Depth Migration of Seasonally Induced Seismicity at The Geysers Geothermal Field
Seismicity from injected fluids provides insight into the hydraulically conductive fracture network at The Geysers, California (TG) geothermal reservoir. Induced earthquakes at TG result from both thermo- and poroelastic stresses as injected fluids cool the rocks and increase pore pressure. The spatio-temporal evolution of M≥1.5 seismicity is characterized as a function of depth in the northwest and southeast regions of TG to develop time-dependent earthquake rates using an Epidemic Type Aftershock Sequence model. The seismicity and injection follow an annual cycle that peaks in the winter months and is correlated by depth. The results indicate a time lag of ≤6 months for fluids to migrate >3 km below the injection depth. Water injection is the main cause of seismicity as fluids penetrate into the reservoir. Our results suggest a steeply dipping fracture network of hydraulically conductive faults allows fluid migration to a few kilometers below the point of injection.
Interseismic coupling and refined earthquake potential on the Hayward-Calaveras fault zone
Interseismic strain accumulation and fault creep is usually estimated from GPS and alignment arrays data, which provide precise but spatially sparse measurements. Here, we use InSAR to resolve the interseismic deformation associated with the Hayward and Calaveras Faults (HF and CF) in the East San Francisco Bay Area. The large 1992-2011 SAR dataset permits evaluation of short and long-wavelength deformation larger than 2 mm/yr without alignment of the velocity field to a GPS-based model. Our time series approach in which the interferogram selection is based on the spatial coherence enables deformation mapping in vegetated areas and leads to refined estimates of along-fault surface creep rates. Creep rates vary from 0±2 mm/yr on the northern CF, to 14±2 mm/yr on the central CF south of the HF surface junction. We estimate the long-term slip rates by inverting the long-wavelength deformation and the distribution of shallow slip due to creep by inverting the remaining velocity field. This distribution of slip reveals the locations of locked and slowly creeping patches with potential for a M6.8±0.3 on the HF near San Leandro, a M6.6±0.2 on the northern CF near Dublin, a M6.5±0.1 on the HF south of Fremont, and a M6.2±0.2 on the central CF near Morgan Hill. With cascading multi-segment ruptures the HF rupturing from Berkeley to the CF junction could produce a M6.9±0.1, the northern CF a M6.6±0.1, the central CF a M6.9±0.2 from the junction to Gilroy, and a joint rupture of the HF and central CF could produce a M7.1±0.1.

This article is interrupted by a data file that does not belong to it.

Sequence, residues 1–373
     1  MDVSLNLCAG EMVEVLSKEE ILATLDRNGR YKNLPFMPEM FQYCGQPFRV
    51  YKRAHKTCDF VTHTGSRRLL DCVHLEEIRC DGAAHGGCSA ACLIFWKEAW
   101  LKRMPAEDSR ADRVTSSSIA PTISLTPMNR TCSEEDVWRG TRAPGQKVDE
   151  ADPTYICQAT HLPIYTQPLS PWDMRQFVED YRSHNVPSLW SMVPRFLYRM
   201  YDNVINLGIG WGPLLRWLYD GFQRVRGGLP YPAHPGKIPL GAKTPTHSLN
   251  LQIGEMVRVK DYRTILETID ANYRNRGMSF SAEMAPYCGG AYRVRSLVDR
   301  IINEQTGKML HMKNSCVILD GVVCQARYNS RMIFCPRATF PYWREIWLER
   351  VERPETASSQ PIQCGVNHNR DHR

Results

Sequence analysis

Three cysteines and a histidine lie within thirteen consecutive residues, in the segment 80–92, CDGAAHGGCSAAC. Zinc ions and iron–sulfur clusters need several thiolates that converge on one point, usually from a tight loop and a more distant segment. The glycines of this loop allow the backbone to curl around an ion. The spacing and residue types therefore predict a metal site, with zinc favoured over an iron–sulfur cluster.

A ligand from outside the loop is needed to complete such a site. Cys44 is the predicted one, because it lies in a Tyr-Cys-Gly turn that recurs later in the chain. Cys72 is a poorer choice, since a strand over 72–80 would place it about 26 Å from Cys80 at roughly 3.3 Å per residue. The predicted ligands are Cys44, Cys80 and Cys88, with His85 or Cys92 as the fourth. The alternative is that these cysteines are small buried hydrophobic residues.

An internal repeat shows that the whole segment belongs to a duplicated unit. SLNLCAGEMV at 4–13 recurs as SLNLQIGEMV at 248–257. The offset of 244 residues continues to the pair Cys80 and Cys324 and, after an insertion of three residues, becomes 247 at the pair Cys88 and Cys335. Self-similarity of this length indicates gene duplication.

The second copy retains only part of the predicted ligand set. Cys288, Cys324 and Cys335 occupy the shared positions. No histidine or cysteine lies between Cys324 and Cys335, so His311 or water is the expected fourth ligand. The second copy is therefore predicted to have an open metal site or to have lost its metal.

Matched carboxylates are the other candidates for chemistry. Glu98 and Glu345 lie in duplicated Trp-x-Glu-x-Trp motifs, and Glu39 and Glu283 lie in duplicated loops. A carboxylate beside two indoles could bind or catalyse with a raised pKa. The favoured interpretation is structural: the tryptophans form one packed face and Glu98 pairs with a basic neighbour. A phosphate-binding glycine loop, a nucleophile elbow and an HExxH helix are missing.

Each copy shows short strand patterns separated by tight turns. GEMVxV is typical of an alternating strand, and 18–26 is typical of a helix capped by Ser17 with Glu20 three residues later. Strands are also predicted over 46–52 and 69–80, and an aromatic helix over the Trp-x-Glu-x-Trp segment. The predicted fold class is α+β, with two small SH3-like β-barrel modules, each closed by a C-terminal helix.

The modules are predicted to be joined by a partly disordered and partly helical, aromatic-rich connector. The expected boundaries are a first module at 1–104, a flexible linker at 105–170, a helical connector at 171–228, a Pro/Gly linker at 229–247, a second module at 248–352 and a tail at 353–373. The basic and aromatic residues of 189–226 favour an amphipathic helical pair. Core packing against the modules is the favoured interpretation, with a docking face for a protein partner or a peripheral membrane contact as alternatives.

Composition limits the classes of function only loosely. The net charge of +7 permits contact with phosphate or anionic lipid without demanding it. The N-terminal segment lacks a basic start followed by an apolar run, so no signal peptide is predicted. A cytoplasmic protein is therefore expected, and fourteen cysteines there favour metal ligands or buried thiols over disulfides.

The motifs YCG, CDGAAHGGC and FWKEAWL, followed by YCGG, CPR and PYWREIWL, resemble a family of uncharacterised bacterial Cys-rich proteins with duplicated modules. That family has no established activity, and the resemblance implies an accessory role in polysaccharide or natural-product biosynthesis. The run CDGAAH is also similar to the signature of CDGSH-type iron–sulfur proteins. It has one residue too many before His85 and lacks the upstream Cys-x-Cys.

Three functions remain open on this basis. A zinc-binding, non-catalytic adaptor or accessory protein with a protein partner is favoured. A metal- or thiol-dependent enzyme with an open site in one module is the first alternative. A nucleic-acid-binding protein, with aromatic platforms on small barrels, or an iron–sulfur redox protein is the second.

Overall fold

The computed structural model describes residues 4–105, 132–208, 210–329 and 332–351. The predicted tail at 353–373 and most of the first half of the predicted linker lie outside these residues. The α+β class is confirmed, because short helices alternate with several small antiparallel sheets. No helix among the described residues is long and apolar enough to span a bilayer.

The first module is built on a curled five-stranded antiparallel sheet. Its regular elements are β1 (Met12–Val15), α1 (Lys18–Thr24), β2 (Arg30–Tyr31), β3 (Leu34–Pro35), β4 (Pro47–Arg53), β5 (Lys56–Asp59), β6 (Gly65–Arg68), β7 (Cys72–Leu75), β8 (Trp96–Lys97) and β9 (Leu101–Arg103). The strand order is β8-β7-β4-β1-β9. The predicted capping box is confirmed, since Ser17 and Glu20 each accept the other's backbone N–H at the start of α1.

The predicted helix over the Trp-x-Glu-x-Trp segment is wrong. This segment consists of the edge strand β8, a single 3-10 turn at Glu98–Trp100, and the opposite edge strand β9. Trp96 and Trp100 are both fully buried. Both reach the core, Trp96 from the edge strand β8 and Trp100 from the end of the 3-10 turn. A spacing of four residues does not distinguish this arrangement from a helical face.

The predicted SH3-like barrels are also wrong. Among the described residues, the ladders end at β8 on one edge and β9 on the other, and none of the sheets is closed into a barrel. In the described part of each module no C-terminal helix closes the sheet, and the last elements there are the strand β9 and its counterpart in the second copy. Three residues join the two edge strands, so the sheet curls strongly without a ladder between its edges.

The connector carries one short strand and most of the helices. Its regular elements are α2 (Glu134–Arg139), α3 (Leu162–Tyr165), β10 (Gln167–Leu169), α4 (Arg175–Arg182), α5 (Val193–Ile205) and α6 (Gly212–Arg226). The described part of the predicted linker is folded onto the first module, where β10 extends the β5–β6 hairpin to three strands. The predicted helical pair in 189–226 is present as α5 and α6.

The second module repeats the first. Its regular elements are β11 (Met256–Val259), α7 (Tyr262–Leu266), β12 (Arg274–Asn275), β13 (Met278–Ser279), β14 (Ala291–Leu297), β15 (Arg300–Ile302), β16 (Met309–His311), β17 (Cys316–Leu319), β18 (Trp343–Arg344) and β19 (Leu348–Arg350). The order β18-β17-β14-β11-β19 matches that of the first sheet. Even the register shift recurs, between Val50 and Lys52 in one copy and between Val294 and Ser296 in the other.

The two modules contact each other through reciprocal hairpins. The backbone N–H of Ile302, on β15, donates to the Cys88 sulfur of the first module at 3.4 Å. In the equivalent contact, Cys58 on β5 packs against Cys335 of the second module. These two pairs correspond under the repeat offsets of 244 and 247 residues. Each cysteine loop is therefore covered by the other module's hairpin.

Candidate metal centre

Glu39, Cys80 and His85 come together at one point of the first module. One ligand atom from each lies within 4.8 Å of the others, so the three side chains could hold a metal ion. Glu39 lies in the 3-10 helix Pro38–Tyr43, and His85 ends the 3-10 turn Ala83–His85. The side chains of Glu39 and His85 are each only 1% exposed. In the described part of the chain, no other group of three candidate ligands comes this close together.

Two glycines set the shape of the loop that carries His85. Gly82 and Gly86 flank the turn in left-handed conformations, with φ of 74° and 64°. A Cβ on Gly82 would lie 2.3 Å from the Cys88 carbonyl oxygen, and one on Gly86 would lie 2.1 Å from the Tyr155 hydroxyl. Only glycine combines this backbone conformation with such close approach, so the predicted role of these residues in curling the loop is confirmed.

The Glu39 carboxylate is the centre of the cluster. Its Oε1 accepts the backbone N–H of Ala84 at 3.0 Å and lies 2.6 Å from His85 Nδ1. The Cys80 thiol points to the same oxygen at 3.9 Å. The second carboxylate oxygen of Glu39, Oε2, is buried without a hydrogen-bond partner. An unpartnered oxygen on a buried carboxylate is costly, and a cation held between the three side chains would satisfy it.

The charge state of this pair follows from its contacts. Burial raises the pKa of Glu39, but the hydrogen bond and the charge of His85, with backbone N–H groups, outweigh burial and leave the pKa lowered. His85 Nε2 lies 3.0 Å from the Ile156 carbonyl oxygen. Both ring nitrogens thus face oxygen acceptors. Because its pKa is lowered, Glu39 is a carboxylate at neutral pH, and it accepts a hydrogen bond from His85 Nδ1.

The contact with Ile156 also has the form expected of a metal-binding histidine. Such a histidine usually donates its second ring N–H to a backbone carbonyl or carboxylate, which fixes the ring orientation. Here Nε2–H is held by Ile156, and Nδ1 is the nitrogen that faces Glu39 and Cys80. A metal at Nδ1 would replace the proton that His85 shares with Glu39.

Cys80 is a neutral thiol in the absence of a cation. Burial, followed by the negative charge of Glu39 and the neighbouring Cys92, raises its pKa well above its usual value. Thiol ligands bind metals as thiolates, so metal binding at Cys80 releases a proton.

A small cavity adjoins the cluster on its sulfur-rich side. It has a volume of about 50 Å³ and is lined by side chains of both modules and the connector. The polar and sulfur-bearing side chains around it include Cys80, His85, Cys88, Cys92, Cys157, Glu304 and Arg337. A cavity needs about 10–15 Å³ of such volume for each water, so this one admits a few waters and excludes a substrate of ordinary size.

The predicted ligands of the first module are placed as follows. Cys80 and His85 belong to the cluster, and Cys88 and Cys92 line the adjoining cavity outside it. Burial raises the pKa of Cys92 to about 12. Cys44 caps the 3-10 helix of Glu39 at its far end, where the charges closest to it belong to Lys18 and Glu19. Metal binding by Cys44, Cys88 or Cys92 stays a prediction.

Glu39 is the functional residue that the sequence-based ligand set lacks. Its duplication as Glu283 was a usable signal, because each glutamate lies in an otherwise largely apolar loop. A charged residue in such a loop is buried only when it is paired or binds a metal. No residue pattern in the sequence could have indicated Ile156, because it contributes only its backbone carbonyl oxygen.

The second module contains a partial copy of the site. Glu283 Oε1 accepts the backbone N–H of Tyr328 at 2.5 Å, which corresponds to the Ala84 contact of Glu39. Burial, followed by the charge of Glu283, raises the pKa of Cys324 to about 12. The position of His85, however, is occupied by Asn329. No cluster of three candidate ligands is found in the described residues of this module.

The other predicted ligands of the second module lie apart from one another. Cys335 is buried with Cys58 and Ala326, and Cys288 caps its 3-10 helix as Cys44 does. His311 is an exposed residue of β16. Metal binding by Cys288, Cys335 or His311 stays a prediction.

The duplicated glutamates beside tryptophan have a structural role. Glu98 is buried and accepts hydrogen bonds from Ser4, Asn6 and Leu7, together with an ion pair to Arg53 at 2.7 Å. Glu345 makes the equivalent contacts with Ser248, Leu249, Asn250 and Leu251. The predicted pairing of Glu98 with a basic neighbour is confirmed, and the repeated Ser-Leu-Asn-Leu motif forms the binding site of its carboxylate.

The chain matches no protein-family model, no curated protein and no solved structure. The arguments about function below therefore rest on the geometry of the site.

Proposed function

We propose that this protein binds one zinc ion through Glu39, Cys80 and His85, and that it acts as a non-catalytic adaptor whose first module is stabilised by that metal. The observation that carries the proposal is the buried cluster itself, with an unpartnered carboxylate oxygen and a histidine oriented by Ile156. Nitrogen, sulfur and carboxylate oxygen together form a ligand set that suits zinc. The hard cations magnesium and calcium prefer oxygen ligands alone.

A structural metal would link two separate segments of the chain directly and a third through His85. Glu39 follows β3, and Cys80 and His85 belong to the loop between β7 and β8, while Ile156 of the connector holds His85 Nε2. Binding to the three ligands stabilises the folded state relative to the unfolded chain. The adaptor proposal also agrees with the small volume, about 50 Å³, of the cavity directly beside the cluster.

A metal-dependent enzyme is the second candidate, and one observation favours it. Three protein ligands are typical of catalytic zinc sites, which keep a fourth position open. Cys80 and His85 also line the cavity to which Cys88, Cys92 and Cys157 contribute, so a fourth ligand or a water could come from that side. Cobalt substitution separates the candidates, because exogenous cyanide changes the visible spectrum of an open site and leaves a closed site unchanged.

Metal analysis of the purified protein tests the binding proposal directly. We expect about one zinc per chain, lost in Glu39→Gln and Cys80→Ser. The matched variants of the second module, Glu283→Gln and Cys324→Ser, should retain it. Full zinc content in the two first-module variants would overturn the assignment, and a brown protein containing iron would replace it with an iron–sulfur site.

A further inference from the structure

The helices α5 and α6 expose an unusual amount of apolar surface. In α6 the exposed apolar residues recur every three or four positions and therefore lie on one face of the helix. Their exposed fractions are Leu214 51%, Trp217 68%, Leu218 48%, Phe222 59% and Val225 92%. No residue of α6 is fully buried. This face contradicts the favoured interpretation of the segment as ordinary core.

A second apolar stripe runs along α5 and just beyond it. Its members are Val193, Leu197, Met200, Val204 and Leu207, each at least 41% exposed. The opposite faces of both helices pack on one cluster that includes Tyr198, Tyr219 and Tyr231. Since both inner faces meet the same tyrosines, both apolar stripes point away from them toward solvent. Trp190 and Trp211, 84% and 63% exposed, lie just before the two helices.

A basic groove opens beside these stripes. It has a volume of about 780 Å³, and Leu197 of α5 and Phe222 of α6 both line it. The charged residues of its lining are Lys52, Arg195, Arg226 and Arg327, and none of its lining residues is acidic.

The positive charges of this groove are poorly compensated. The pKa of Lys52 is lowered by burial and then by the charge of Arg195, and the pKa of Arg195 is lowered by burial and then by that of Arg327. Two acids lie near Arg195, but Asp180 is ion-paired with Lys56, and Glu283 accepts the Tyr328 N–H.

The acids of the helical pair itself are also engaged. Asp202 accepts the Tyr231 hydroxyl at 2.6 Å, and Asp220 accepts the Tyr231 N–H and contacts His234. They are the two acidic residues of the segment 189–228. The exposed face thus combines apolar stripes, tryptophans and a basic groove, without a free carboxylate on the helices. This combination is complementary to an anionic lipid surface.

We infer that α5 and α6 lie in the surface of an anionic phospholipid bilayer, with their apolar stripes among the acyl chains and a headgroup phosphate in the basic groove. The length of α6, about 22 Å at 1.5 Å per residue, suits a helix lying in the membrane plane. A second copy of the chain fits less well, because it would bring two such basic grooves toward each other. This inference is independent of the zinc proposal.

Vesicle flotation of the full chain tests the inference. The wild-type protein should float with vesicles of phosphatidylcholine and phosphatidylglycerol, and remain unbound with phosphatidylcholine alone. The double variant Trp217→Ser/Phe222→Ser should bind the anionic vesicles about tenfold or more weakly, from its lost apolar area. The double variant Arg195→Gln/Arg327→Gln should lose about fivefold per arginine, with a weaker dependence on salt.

Potential and limits of InSAR to characterize interseismic deformation independently of GPS data: application to the southern San Andreas Fault system